A round table on Open Innovation Challenges
Today’s Guest blog is from Quentin Johns. Quentin has been a Judge for Ordnance Survey’s Geovation Challenges and is the Head of Business Development the Impact Hub Westminster. Quentin has a degree in Social Anthropology from Sussex University. Quentin chaired a round table panel discussion compiled by Ordnance Survey’s GeoVation team and the Impact Hub Westminster, hosted after the GeoVation Alumni event.
Open Innovation challenges are becoming a bit of a thing these days.
As far back as the Victorian times (and probably long before) prizes and competitions have spurred innovation. From 1839 to 1939 the Royal Agricultural Society of England used what we would now label ‘open innovation challenges’ to encourage technological advances in farming in the UK. More recently though there has been somewhat of a boom in this area.
Take for example Unilever, the multinational ever-present peddler of everything; on their web page they have a “Challenges and Wants” page. Here they publicly announce topics, problems and conundrums that they wish to find solutions, innovations and ingenious thinkers in and it works.
There is also the UK governments £4m pot of money for technological health solutions or probably more prominently the X-Prize Foundation awarded a $10 million prize for suborbital spaceflight in 2004. And, most recently the Longitude Prize 2014, a £10 million prize fund challenge to help solve one of the greatest issues of our time developed by Nesta and the Technology Strategy Board.
These are all wonderful examples of Open Innovation Challenges, the basic premise of these being:
- Present a problem;
- Pledge a prize and a date for submissions; and
- Wait for the solutions to arrive.
In the UK (where the Royal Agricultural Society championed this technique in the 19th century) we are fast adopting these tactics again, but with a slightly new twist, we are trying to use this tried tested and engaging process to solve social, economic and environmental problems.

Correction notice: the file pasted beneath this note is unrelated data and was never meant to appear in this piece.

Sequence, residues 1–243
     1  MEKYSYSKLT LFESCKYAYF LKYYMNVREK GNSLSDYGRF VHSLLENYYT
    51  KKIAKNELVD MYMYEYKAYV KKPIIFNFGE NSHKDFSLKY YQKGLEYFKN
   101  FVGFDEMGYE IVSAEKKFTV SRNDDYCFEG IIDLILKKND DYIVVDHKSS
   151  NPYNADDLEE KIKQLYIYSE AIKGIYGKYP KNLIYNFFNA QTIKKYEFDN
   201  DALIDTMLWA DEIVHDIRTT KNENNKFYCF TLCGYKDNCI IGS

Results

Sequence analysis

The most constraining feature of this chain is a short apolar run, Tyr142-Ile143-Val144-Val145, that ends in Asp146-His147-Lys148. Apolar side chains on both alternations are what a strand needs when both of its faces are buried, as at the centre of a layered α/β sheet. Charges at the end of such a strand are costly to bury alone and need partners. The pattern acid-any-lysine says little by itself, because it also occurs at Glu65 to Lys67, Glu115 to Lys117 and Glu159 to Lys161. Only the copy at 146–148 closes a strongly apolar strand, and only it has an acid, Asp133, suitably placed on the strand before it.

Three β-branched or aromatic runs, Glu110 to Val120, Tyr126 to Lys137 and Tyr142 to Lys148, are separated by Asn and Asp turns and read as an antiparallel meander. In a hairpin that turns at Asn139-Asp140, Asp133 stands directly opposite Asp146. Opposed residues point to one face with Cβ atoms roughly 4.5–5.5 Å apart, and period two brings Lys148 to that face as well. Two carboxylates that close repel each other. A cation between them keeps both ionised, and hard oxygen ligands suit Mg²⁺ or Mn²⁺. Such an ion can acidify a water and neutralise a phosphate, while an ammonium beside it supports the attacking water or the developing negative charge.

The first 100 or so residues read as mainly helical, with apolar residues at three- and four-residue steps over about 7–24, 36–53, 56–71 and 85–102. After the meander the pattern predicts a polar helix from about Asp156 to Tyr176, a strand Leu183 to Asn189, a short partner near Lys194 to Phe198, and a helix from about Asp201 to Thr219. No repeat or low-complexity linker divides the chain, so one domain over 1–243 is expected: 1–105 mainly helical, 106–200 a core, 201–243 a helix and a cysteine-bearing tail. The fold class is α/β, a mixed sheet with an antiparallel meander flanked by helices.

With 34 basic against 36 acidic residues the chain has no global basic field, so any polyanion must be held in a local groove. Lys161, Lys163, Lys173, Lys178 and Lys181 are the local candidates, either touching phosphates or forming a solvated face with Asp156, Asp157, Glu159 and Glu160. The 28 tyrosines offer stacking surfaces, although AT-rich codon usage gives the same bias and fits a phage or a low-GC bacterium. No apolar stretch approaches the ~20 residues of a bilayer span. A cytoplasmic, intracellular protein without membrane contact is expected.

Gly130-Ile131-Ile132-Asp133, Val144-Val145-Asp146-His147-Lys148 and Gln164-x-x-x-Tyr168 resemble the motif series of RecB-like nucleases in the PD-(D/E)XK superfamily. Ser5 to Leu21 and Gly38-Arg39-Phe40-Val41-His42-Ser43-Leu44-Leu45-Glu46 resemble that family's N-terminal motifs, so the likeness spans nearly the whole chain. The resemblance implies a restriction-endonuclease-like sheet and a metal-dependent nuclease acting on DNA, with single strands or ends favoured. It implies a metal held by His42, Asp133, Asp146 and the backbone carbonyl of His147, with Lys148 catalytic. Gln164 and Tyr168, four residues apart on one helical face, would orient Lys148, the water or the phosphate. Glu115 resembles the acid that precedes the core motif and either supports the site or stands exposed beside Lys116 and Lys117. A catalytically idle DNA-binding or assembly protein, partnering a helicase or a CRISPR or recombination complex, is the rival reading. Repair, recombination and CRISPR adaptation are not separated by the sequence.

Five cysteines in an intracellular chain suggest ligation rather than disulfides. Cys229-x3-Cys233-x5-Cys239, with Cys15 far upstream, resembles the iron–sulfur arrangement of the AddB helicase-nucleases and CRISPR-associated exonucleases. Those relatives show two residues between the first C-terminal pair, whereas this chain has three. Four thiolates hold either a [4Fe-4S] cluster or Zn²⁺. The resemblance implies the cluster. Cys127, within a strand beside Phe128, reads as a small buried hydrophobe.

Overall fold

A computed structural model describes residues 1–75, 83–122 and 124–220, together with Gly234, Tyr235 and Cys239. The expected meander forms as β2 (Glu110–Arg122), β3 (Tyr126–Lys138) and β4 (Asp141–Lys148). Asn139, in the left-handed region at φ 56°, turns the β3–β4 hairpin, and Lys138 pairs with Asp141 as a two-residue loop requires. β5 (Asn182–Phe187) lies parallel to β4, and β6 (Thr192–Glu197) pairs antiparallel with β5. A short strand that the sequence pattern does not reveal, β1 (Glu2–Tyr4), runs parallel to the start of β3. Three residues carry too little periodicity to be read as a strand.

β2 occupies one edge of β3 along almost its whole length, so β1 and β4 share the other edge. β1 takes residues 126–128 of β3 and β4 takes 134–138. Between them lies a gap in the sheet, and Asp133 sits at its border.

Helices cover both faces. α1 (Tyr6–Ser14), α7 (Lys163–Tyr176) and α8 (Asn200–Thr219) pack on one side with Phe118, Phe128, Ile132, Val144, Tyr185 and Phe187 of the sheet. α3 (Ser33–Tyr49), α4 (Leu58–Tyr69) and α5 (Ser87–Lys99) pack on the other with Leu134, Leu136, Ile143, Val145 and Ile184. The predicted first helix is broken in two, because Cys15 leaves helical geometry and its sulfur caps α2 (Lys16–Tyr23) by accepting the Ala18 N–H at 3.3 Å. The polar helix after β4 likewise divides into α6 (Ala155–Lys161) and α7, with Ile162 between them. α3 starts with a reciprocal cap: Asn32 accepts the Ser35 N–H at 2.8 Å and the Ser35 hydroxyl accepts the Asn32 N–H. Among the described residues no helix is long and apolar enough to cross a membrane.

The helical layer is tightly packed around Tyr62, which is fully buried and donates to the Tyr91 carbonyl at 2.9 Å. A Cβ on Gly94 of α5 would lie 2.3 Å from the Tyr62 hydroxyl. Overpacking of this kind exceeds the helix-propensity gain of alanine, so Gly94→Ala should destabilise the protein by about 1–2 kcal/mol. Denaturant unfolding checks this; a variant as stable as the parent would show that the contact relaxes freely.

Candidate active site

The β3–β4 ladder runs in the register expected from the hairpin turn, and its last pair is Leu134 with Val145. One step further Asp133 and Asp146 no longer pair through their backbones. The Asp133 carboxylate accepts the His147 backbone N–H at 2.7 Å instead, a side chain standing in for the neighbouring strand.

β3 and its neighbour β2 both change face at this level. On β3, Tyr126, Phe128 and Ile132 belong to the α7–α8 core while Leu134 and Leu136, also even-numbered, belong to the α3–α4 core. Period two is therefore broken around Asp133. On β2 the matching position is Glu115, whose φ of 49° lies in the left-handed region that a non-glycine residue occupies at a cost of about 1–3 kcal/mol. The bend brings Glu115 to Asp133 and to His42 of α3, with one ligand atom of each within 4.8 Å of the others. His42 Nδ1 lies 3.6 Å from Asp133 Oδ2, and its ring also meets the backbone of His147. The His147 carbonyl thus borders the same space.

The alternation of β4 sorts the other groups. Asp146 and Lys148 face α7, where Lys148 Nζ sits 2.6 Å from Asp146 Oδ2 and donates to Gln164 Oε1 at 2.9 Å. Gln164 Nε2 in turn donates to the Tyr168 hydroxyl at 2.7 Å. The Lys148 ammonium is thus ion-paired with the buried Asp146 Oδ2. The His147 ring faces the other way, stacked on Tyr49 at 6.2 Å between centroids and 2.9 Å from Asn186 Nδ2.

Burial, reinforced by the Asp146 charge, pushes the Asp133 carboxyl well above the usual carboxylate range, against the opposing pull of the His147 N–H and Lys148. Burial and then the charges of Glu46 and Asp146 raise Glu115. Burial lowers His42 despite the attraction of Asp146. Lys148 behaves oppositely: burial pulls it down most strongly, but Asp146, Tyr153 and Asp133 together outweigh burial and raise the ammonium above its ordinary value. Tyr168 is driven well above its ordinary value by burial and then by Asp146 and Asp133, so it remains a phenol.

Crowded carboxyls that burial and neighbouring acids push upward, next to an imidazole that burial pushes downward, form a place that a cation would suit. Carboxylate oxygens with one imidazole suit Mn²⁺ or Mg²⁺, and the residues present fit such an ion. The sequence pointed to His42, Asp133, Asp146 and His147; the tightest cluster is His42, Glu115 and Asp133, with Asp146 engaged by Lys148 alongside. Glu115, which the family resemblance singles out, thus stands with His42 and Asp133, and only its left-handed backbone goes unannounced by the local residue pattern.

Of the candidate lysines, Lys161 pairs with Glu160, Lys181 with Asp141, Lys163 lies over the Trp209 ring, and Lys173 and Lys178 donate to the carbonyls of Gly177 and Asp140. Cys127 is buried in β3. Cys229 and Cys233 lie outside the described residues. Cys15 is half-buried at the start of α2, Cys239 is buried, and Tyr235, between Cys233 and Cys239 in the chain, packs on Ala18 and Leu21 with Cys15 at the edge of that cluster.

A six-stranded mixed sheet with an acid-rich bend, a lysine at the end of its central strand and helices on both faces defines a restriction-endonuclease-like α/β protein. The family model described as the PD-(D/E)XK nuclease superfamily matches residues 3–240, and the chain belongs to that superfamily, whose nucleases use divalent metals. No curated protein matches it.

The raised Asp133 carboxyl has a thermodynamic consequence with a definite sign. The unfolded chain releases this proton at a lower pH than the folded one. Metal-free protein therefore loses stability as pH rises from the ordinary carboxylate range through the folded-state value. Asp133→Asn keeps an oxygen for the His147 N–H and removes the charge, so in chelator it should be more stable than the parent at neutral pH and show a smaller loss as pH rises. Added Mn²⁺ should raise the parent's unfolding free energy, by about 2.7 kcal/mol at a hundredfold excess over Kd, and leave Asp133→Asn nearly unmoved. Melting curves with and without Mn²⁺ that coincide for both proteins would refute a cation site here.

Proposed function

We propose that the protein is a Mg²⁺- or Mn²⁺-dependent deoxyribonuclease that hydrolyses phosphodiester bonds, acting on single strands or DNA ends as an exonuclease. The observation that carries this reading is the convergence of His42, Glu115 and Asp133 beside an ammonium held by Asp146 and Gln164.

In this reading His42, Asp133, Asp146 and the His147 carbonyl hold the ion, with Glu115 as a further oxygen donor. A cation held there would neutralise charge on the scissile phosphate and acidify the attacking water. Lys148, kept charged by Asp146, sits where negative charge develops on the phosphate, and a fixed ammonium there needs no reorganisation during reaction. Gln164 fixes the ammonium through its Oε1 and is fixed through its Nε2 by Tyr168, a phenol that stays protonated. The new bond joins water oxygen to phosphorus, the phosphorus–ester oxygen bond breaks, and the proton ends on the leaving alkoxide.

That’s why on Thursday the 15 of May 2014, as a conclusion to a day helping introduce the GeoVation Alumni to the support network based at Impact Hub Westminster, some serious players in the world of social open innovation were invited to sit on our panel. We only thought it fair that they too partake in some open innovation across their own sector. That’s how we ended up sat down having a very frank discussion about what they had learned from running these challenges, and more importantly, what they thought the future best practice of open innovation challenges might look like.
Present that evening we were very pleased to have the following people present:
- Roland Harwood former Director of Open Innovation at Nesta, Co-founder of the open innovation agency 100%Open and regular GeoVation challenge judging panel Chair;
- Ed Parkes Senior Programme Manager for the Open Data Challenge series at Nesta;
- Carlos Somohano who runs DataScienceLondon.org and the Open Data challenges at the Impact Hub Westminster;
- Chris Parker, Co-founder and Head of GeoVation the open innovation challenge programme at Ordnance Survey; and
- Alison Harvie the COO of Solve, Impact Hub Westminsters Social Innovation Fund accelerator.